INTRODUCTION

In the clinical practice, biliary obstruction is a frequent and severe situation, which can lead to generalized disease(1–3). Several conditions can trigger extrahepatic biliary obstruction with consequential cholestasis, both in humans and animals(4–6). Choledocholithiasis, neoplasia and stenosis present higher incidence(7).

The knowledge of normal anatomy and pathological imaging findings is fundamental for the detection of conditions in the hepatobiliary system(5,8,9). In the case of biliary obstruction, both biochemical and morphological changes occur, affecting the normal functioning of the liver(1,3,10,11). Therefore, the sonographic analysis of the hepatic and biliary morphometric parameters in the setting of biliary obstruction is very relevant, helping in the identification and evaluation of the obstruction site, contributing in the treatment of the patients.

The imaging evaluation, particularly by ultrasonography (US) of the liver and biliary tract has been the object of a number of recent articles in the Brazilian radiological literature(12–18). US represents the most utilized imaging method in the primary evaluation of patients with suspected biliary obstruction(4,8,9). Other imaging methods may also be utilized in the evaluation of the biliary tract, namely, radioisotope chole­scintigraphy, computed tomography (CT), magnetic resonance imaging (MRI), trans­hepatic cholangiography, endoscopic retrograde cholangiopancreatography, or even radiography, oral cholecystography, and hepatic scintigraphy in some cases(4,7,9).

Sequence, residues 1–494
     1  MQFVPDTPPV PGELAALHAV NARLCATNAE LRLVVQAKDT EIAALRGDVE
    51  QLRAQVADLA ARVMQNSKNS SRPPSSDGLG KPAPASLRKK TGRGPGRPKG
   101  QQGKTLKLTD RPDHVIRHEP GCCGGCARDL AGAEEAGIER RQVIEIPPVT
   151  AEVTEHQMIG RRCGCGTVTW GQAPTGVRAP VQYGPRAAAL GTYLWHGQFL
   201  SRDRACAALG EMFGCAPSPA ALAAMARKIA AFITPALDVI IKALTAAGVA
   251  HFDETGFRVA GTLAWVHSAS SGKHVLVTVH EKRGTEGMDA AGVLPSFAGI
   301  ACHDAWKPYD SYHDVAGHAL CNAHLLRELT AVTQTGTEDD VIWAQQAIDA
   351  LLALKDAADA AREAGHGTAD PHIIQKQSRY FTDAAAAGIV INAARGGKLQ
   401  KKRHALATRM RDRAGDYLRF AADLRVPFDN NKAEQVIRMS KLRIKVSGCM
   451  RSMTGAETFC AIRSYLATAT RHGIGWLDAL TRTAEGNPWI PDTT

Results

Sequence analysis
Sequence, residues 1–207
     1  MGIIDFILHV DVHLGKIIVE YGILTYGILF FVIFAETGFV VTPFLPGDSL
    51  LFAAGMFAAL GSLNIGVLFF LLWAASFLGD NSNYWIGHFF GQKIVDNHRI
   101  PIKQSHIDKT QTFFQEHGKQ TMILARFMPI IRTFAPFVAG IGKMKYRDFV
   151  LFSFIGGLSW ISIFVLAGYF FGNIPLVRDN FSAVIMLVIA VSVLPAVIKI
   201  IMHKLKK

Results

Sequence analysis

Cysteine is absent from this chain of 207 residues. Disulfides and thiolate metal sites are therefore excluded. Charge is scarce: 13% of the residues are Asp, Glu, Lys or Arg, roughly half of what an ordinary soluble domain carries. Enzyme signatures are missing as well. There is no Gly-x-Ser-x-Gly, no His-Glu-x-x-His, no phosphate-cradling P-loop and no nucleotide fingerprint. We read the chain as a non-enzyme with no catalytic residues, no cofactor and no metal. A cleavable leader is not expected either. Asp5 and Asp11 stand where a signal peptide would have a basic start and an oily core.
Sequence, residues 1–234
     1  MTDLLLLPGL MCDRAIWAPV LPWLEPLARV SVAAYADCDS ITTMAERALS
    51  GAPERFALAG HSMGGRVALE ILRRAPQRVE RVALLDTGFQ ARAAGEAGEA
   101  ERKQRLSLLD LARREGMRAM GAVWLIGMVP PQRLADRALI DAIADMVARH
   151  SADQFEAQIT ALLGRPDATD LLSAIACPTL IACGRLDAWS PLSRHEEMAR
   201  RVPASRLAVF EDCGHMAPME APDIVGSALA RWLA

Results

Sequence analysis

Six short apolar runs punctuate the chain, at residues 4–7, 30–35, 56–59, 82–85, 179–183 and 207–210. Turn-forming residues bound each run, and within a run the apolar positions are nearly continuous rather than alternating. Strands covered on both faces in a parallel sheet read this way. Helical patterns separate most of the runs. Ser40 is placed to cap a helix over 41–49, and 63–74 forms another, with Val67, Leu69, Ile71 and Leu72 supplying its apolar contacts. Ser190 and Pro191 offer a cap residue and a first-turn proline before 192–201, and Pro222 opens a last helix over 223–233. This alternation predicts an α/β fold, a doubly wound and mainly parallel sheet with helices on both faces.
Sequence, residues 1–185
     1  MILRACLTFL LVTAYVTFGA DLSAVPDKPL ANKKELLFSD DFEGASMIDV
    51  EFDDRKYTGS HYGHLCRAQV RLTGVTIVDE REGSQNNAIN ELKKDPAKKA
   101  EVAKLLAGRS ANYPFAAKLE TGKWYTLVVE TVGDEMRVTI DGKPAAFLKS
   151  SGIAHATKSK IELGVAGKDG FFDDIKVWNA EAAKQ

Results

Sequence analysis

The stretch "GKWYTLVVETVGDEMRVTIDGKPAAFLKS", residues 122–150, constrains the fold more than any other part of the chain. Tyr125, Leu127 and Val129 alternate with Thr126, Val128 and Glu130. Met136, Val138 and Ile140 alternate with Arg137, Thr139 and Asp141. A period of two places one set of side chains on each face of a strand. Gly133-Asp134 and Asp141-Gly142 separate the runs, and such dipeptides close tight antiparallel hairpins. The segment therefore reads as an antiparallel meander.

Bile duct injuries usually affect the upper part of the duct located close to the hepatic hilum, making it difficult to perform appropriate choledochoduodenal reconstruction(19). Additionally, injuries requiring biliary repair are commonly associated with long term complications, and the level of the injury and timing of repair are associated with the risk for post-surgical stenosis(20).

With the purpose of developing a more appropriate anatomical and physiological reconstruction for extensive biliary tract injuries, a study was proposed for reconstructing a bile duct by interposition of a "tube" constructed with a small bowel segment, similar to what Monti et al. have proposed for continent neobladder drainage(21). However, such a study requires an experimental model where one can induce jaundice with an obstructive pattern by ligating the extrahepatic bile duct, allowing for the analysis, evaluation and comparison of such changes in order to better understand the extent of the injury and the consequential compromising, as well as providing a previous knowledge on the surgical site, indicating specific techniques for, as a second step proposing the reconstruction of the extrahepatic bile duct.